Explainer: What’s the fallout from Ukraine’s pipe shutdown?
The shutdown of a gas pipeline in eastern Ukraine has sent a fresh wave of energy jitters through Europe.
The price of gas jumped – then fell. The cutoff is in sharp focus because it’s the first time that the war has disrupted the Russian natural gas that flows through Ukraine to get to Europe, where it powers factories and generates electricity.
Here are key things to know:
What happened in Ukraine?
The operator of the gas pipeline system, Gas TSO of Ukraine, said it could no longer transport gas through a compressor station in the Luhansk region in eastern Ukraine, near the border with Russia. It said it had no operational control over the station in Russian-held territory, with occupying forces interfering in the station’s operation and diverting gas in a way that endangered the stability of the pipeline system.
The company said it repeatedly told Russian state-owned gas exporter Gazpro m about threats to flows from such interference but that its appeals were ignored.
The pipeline handles around a third of Russian gas heading to Europe. The Ukrainian operator said the gas flows could be made up through another pipeline that crosses from Russia into Ukraine near the town of Sudzha.
Gazprom said that was not possible, but gas flows at Sudzha rose overnight, by about 8 million cubic meters per day.
Why is this getting attention?
While Russia has cut off natural gas to Poland and Bulgaria over a dispute about payments in rubles, Wednesday’s cutoff is the first disruption in gas supplies flowing through Ukraine due to the war.
Any suggestion that energy supplies are vulnerable has sent prices higher. Spot gas prices rose 4% at the open of trading Wednesday, to 103 euros per megawatt. But they later eased, to around 95 euros per megawatt hour, below where they were Tuesday.
European governments aren’t happy about sending hundreds of millions of dollars a day to Russia for energy but haven’t been able to agree on a natural gas boycott because of heavy dependence of major economies like Germany and Italy. The European Union’s executive commission has proposed a phaseout of Russian oil but has run up against resistance from reliant countries like Hungary.
Economists estimate that a total cutoff of both oil and natural gas would throw Europe into a recession. A loss of gas alone would hit industries such as metals, fertilizer, glass and ceramics that have in some cases already throttled back production due to high gas prices. And consumers would face even higher electric and heating bills than they already do.
To avoid those outcomes, the EU has proposed cutting Russian gas imports by two-thirds by the end of the year through additional supplies of pipeline gas from Norway and Azerbaijan, more purchases of liquefied gas that comes by ship, faster rollout of wind and solar, and conservation. Whether that can be achieved remains to be seen.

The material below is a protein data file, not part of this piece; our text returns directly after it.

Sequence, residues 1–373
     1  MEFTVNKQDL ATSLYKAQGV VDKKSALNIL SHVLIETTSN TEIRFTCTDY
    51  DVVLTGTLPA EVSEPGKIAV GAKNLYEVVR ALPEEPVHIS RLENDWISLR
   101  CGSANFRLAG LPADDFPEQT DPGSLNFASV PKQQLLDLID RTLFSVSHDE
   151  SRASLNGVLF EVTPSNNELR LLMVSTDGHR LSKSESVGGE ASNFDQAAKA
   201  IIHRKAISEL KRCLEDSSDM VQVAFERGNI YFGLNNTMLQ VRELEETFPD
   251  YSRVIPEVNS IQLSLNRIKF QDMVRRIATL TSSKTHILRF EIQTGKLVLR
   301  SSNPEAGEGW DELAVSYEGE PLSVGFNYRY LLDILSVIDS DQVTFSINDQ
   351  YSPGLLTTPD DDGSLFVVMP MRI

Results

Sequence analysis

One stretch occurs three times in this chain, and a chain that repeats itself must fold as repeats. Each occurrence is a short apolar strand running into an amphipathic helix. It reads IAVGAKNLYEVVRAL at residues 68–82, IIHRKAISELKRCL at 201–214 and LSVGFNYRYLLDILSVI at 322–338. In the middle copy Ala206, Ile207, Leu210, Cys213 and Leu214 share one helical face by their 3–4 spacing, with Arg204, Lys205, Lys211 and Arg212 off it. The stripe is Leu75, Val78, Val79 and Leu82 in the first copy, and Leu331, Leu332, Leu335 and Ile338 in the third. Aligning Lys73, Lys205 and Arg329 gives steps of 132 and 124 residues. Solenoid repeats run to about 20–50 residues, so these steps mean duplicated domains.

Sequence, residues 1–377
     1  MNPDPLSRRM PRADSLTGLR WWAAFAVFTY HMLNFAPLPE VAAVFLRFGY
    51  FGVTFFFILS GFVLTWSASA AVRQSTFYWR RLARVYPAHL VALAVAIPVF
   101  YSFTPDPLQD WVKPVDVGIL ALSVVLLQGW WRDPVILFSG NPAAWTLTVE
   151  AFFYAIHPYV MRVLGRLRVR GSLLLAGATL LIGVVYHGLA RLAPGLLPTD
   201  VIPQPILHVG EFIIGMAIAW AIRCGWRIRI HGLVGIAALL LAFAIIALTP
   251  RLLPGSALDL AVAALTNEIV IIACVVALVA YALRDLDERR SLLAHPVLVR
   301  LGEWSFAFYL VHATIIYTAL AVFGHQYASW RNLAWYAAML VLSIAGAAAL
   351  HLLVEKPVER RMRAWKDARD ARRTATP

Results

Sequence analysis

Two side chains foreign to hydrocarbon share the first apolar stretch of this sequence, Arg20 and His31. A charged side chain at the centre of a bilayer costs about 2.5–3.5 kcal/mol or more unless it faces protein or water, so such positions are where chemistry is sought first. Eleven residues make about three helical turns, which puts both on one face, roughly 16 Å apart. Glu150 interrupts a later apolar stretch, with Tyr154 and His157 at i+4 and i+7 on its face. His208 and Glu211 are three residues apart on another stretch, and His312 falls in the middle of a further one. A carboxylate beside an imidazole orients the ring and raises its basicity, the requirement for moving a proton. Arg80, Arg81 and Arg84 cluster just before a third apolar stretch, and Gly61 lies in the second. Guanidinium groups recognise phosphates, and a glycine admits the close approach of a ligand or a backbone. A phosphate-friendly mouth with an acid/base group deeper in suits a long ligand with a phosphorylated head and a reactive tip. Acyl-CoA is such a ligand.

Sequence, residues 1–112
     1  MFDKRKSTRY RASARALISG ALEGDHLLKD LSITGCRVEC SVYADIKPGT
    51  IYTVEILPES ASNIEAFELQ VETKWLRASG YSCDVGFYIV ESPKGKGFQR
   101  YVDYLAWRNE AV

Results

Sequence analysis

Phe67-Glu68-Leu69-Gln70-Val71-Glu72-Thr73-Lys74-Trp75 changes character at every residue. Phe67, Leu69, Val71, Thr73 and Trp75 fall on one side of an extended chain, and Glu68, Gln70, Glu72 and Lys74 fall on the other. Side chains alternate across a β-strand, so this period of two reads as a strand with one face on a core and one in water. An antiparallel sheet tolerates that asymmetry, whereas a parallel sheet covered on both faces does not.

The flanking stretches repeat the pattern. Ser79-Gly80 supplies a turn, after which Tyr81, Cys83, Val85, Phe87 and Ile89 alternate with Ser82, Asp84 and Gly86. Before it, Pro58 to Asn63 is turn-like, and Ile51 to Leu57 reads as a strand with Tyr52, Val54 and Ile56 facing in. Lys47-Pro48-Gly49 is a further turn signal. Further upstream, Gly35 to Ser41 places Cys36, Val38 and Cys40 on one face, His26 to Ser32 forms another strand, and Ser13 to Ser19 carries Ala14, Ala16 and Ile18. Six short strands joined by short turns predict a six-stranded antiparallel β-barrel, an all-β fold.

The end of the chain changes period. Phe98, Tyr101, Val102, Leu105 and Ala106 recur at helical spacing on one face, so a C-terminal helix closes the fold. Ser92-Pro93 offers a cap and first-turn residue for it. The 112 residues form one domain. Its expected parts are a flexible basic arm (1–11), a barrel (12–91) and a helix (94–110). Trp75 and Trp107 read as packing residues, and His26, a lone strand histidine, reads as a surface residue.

What is going on with gas flows?
Before the war, the share of Russian gas that flowed to Europe through Ukraine had fallen to around 18%. Of that, about a third goes through this particular part of the pipeline system that was shut down. That can be up to 32.6 million cubic meters a day; in recent days, it has been around 23 million cubic meters a day.
Much but not all of that gas could be rerouted through the pipeline entering Ukraine near Sudzha, said Zongqiang Luo, a gas analyst at Rystad Energy.
Even with added capacity through that town, some 10 million cubic meters per day of gas would still be in search of a pipeline route to get to Europe, and “where exactly is not clear as capacity in seemingly full, ” Luo said.
Over the course of a year, that daily flow would amount to around 3.6 billion cubic meters of gas, out of the roughly 150 billion cubic meters that Europe imports from Russia. It isn’t a huge amount by comparison, but gas supplies are scarce, prices are high and gas importers and governments are scrambling to find all non-Russian gas supplies they can.
Germany is receiving a quarter less gas through Ukraine, the Energy Ministry said Wednesday. Increased supplies from Norway and the Netherlands are partly compensating for the shortfall, said Annika Einhorn, a ministry spokeswoman.
She noted that the majority of Russian gas reaches Germany through the Nord Stream 1 pipeline rather than via Ukraine.
What's the impact on energy users in Europe?
Thanks to mild weather, Europe is in better shape on gas after scraping through the winter with barely adequate reserves. Reserves are filling faster than they did last year, but that needs to continue to cover demand this coming winter.
The interruption would make it harder for European countries to meet their goals for storage levels next winter and would “hasten Europe’s plans to move away from imports of Russian gas,” Luo said.
“As the European gas grid is well integrated, no one country is likely to suffer any immediate impact, but this will put further strain on the system and place a floor on downside price movement,” Luo added.
What are possible motivations for the move?
Both Gas TSO of Ukraine and Gazprom have sought to underline their reliability as gas suppliers despite the enmity fueled by the war so analysts are still trying to figure out what the game is. Barbara Lambrecht at Commerzbank said, “It remains to be seen whether the disruption to supply turns out to be anything more than just a flexing of muscles.”
Tim Ash, senior emerging markets sovereign strategist at BlueBay Asset Management, said it could be about forcing Europe’s hand.
“I think frustrations are building in Ukraine that Europe is proving too slow in rolling out an energy embargo on Russia,” he said. “If Europe is not prepared to shut off the energy money printing machine for Moscow, why would Ukraine not take matters into their own hands?